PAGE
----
I've been reading Frank Smith, Understanding Reading, A Psycholinguistic Analysis of Reading and Learning to Read, fifth edition, Hillsdale, New Jersey: Lawrence Erlbaum Associates,1994. It is nice to be reading a fifth edition. That says that there has been some previous usefulness and that the author/publisher is trying to keep up. More germane to the [...]
From August 3-11, the Biblical Language Center (BLC), in association with Fresno Pacific University, led a fluency workshop for instructors of New Testament Greek in Fresno, California. The effort to renew the speaking of New Testament Greek was the first of its kind in North America. To ensure the highest quality possible, the workshop was led [...]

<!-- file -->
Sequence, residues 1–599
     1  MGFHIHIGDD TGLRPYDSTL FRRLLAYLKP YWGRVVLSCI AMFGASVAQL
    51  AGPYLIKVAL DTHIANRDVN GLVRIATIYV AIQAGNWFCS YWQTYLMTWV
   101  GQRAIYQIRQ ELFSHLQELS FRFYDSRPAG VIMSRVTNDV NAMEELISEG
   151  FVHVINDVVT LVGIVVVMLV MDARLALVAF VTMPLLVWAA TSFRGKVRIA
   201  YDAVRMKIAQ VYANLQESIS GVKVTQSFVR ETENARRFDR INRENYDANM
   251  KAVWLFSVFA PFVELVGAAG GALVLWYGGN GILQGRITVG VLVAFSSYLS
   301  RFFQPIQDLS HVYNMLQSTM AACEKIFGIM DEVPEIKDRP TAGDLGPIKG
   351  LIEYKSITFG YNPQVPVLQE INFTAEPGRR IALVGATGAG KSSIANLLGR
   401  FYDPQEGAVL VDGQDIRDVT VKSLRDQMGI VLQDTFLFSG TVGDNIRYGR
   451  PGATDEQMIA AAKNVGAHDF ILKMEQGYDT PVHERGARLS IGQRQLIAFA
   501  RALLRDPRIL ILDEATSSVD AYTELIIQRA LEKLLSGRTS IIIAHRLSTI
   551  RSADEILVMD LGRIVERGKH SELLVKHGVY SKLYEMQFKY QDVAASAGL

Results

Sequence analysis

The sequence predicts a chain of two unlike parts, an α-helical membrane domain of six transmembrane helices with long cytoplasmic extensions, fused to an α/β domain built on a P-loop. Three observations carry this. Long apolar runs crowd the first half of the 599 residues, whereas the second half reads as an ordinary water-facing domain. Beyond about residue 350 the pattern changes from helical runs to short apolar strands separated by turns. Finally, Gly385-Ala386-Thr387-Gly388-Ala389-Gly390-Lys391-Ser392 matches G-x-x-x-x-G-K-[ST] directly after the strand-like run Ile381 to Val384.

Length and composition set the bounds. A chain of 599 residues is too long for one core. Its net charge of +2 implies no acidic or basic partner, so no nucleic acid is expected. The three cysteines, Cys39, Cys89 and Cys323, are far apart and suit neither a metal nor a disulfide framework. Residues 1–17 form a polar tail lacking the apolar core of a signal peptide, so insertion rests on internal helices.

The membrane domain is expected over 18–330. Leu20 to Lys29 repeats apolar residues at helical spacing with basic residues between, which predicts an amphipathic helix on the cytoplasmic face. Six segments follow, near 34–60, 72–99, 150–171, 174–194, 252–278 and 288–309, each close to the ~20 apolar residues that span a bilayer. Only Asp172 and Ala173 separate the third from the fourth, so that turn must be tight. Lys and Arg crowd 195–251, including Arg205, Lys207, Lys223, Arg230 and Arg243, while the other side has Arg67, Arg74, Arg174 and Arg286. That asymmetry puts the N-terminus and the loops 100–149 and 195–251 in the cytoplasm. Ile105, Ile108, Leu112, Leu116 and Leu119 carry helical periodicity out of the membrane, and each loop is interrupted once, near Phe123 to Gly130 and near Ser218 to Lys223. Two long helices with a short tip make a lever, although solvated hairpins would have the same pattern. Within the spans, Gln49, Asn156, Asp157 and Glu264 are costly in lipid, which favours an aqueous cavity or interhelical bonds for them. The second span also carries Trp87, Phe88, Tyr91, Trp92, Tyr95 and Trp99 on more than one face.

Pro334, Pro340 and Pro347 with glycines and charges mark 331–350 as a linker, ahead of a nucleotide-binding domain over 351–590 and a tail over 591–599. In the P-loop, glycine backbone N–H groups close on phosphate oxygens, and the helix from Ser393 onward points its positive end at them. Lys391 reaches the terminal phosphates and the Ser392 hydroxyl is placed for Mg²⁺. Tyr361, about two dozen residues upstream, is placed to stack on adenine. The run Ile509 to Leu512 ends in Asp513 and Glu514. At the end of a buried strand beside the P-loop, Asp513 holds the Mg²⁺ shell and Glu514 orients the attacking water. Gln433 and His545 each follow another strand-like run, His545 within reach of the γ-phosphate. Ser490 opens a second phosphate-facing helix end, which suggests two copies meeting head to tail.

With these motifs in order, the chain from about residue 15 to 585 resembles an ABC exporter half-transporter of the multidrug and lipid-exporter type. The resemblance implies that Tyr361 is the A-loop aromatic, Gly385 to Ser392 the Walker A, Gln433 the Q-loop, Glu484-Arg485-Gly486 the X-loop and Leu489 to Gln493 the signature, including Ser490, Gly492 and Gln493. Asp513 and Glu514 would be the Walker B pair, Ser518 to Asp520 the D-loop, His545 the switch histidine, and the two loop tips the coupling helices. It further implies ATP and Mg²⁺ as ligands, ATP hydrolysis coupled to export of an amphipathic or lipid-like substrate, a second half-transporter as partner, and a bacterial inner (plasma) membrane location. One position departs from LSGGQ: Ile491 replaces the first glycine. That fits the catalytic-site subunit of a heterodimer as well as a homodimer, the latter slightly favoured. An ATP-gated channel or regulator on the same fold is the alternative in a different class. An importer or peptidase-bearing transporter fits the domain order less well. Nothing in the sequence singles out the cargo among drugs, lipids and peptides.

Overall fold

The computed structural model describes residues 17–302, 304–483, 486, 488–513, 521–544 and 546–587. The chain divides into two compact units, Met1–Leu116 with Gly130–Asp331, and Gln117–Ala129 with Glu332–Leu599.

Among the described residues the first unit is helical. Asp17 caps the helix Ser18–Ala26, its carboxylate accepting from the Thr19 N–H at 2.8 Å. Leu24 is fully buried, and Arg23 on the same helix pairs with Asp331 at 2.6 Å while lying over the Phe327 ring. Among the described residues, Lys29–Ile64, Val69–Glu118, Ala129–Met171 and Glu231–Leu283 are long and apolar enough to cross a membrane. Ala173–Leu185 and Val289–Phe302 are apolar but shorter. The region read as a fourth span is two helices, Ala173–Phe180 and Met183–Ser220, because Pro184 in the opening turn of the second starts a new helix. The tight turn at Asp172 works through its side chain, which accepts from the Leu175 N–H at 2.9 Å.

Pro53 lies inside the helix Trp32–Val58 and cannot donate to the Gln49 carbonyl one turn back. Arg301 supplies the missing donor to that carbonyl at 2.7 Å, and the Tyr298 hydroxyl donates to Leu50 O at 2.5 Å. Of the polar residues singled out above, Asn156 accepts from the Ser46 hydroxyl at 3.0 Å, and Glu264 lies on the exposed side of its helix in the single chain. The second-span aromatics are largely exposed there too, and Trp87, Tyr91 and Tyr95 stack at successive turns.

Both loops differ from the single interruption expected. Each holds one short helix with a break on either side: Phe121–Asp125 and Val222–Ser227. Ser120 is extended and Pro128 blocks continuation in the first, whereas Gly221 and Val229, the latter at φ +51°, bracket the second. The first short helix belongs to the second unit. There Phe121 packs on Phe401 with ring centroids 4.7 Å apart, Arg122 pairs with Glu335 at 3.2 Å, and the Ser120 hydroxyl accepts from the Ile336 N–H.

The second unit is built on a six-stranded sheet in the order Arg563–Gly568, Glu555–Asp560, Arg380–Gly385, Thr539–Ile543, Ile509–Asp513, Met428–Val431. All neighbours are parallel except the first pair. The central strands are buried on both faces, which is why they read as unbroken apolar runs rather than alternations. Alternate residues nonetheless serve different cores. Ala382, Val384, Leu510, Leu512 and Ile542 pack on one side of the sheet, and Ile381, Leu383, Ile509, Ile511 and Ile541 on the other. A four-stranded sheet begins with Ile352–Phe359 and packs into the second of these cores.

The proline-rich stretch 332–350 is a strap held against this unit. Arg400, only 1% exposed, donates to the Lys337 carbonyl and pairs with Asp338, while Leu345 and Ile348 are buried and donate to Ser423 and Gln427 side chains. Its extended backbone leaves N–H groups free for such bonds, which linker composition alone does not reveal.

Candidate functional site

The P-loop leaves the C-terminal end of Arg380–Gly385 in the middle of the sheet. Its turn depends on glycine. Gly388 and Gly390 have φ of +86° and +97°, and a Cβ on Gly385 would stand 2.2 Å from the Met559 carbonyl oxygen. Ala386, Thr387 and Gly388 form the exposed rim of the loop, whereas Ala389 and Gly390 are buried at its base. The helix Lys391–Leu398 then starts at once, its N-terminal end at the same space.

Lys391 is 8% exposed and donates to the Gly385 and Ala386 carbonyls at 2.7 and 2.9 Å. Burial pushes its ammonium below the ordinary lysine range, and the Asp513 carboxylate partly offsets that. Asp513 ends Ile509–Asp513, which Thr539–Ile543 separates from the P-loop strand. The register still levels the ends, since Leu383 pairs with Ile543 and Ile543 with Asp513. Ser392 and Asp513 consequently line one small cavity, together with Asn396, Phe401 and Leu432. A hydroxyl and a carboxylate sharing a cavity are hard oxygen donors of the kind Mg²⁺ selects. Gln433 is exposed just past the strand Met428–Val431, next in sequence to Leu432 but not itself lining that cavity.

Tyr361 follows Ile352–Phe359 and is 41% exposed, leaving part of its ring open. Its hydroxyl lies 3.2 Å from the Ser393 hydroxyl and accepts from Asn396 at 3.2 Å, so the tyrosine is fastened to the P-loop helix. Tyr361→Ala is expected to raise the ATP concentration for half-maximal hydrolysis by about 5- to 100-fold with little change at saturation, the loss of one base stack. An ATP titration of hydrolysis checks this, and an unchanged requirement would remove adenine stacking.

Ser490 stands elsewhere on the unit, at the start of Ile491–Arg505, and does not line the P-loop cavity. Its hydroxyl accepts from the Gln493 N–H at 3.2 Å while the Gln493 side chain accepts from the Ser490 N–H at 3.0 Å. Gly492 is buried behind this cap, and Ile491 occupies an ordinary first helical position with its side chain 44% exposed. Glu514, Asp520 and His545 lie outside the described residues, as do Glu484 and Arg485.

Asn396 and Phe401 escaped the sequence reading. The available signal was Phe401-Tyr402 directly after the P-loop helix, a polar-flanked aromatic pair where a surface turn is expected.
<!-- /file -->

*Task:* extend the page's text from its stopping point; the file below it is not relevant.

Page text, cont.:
A common objection to the communicative approach to teaching biblical languages is: "All we are aiming at is being able to read, not speak, the language." However, Frank Smith in his book "Reading without Nonsense" suggests that in order to truly read fluently, one has to depend less on deciphering the printed matter, and more on a background of already acquired knowledge. Though he does not highlight fluency as part of that body of "already acquired knowledge," it is presupposed throughout (indeed, it is unlikely that a non-fluent English speaker would be reading his work in the first place). It would seem, therefore, that without fluency, it is impossible to read effectively for meaning.